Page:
Vintage & Classics

Ford GT and Sports Car Project put  the first 'F' in 'Ford vs. Ferrari'

As the story goes, Ford Motor Company spent millions going down the path of acquiring Ferrari in 1963 only to be abruptly stopped by Enzo Ferrari, who was allegedly upset that the deal would mean that he wouldn't be able to race at the Indianapolis 500.

The merger was off but the heat was on. Ford wanted to build a car to compete with Ferrari on the world endurance-racing circuit. It took a few years, but eventually it happened.

On April 8 on Twitter, Ted Ryan, brand manager and archivist for Ford Motor Company, shared images of the original renderings for the street and race version of what would become the Ford GT40 from the program book printed on June 12, 1963. Scroll down to see full-size versions of the photos.

The project would evolve into the model that would gain fame beating Ferrari in the 1966 Daytona 24 Hours race and nabbed the top three spots to form the famous finishing photo at the 24 Hours of LeMans later that year.


Ford GT and Sports Car Project 1963 This is the cover of the confidential Ford GT and Sports Car Project program book.Photo courtesy of Ted Ryan/Twitter/Ford Motor Company


Ford GT and Sports Car Project 1963 This blueprint showcases the race car version of the GT40.Photo courtesy of Ted Ryan/Twitter/Ford Motor Company


Ford GT and Sports Car Project 1963 This sketch of the GT40 shows a more pedestrian version of the car.Photo courtesy of Ted Ryan/Twitter/Ford Motor Company

The current Ford GT is an evolution of the original model. This year, Ford announced that the car is getting a power boost and a new carbon fiber-forward variant is being made available.

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Nuts & Bolts

 
 

The new Safety Insights software takes away time delays and legwork issues surrounding traffic issue solution responsiveness.

Photo courtesy of Ford Motor Company

Henry Ford opened his first Canadian operation in 1904 just over the boarder from Detroit in the City of Windsor, Ontario. Today, the town is the country's first Canadian customer for Ford's Safety Insights platform. The platform, a new software tool the company is rolling out connects government workers with vehicle insights that give them an in-depth look at their city's streets without having to step outside the door of their office.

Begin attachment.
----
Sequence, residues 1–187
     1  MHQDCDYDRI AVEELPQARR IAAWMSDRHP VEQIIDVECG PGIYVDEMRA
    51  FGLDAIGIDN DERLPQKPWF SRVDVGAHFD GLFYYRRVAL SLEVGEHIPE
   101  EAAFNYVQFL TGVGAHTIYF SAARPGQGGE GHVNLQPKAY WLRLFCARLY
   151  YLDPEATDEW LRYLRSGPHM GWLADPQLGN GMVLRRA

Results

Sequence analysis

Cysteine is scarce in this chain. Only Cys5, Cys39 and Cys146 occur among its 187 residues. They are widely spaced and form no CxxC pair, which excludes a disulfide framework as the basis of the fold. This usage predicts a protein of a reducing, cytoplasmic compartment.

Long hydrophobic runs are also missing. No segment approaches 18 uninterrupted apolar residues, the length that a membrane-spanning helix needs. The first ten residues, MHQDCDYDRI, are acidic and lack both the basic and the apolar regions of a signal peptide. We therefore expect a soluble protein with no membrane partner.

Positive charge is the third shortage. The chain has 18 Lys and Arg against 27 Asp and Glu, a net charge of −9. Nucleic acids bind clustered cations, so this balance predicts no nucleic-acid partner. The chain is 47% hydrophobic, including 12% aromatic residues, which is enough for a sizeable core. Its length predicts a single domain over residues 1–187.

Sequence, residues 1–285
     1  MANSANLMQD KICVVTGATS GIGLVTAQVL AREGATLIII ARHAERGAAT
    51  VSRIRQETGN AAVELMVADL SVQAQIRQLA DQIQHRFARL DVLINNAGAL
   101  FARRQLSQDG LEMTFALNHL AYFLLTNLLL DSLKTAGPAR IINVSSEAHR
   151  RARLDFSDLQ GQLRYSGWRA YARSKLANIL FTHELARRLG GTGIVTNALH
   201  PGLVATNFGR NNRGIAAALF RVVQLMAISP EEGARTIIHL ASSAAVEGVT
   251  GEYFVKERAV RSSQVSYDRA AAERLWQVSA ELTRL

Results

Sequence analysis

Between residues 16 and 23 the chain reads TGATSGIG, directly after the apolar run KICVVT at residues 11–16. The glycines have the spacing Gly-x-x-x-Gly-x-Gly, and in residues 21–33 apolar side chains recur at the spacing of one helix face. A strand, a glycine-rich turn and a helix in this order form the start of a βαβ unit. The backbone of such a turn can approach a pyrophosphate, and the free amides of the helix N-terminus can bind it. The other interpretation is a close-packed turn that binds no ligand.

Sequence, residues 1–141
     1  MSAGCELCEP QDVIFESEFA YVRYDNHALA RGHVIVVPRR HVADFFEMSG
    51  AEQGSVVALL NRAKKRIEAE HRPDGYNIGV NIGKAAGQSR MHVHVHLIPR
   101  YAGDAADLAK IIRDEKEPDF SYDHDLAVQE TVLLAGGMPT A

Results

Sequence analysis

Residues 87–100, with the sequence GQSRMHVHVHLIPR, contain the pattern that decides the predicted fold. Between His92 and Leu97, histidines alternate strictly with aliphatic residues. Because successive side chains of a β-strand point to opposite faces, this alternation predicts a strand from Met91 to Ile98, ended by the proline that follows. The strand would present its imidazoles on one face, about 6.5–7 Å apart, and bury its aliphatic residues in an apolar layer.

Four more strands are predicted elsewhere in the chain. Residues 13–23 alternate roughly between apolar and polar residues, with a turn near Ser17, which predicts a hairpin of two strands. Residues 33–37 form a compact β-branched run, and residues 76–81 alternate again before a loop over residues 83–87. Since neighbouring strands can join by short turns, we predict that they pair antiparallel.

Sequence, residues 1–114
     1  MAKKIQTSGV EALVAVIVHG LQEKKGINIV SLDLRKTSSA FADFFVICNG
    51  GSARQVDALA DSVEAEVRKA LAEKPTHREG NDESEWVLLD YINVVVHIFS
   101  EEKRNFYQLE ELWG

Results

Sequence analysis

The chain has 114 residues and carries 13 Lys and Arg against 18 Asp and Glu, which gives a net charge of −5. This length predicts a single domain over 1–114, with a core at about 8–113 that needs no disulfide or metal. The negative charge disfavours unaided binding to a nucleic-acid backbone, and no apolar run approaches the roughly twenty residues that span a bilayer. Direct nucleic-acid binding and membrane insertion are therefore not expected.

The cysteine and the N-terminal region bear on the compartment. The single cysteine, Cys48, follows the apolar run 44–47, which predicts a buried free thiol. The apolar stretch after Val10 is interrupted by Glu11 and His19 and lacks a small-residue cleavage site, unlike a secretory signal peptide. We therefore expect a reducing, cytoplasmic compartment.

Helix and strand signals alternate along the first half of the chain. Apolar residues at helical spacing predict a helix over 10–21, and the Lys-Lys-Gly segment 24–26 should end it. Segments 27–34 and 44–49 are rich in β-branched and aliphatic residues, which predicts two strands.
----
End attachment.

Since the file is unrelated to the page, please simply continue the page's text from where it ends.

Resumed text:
Safety Insights utilizes artificial intelligence, machine learning, and algorithms to deliver crash reduction predictions that can be explored using simulations and deep data dives without having to deploy any human resources to comb through police reports, send public works employees to sit at an intersection all day to investigate, or wait for calls from concerned citizens to come pouring in.

Ford Safety Insights software The Safety Insights software allows users to run simulations based on real traffic data.Photo courtesy of Ford Motor Company

Ford Safety Insights software

The data comes from Ford vehicles, simulations, and predictions that city planners and public works officials make by running simulations. The data taken from vehicles includes indicators of crash trends like harsh braking, traction control issues, and near misses. These numbers help give context to traditional crash data.

Safety Insights also integrates multi-modal traffic volume data from StreetLight Data.

Traditionally, cities use transportation data to identify traffic issues, but combing through it can be a costly and time-consuming process, according to Ford. With the combination of crash data and available simulation predictions, the Safety Insights system takes analysis and planning to the next level, allowing them to test new options for traffic flow and make more informed decisions.

Users can comb through the data, layer by layer, filtering by type of collision, including those involving pedestrians and cyclists, rear-end crashes, or rush hour collisions. The results are available in seconds rather than the days or weeks it would traditionally take.